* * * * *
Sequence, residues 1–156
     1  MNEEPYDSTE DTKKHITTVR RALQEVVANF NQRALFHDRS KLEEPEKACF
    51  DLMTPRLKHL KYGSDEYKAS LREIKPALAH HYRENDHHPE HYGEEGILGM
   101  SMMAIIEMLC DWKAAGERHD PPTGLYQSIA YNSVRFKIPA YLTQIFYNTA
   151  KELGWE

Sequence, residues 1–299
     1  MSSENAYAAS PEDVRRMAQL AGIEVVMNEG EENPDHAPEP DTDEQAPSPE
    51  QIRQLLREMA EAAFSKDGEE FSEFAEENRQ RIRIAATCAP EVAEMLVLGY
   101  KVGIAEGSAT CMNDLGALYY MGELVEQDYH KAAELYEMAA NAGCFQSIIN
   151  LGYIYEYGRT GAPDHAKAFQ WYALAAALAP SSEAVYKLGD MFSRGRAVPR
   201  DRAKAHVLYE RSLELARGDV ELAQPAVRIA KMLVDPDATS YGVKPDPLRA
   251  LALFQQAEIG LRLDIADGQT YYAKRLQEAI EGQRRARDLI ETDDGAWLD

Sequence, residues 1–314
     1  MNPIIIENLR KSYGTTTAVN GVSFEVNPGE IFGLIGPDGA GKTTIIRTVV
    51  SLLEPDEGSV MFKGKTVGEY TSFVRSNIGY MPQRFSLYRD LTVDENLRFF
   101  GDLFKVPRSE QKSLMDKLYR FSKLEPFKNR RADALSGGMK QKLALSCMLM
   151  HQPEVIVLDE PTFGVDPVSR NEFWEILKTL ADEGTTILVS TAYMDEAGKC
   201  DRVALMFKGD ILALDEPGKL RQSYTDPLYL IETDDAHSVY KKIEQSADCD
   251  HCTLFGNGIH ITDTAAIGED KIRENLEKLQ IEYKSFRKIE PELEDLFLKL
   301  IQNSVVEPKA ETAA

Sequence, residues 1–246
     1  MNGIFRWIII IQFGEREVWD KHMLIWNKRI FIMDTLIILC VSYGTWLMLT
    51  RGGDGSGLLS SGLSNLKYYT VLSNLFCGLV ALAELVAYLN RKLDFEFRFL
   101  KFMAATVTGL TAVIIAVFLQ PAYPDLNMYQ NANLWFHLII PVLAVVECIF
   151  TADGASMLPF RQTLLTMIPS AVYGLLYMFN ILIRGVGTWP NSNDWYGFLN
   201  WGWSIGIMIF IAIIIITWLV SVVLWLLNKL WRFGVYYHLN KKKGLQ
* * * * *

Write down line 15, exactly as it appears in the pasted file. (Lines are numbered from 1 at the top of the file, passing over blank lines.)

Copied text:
    51  SLLEPDEGSV MFKGKTVGEY TSFVRSNIGY MPQRFSLYRD LTVDENLRFF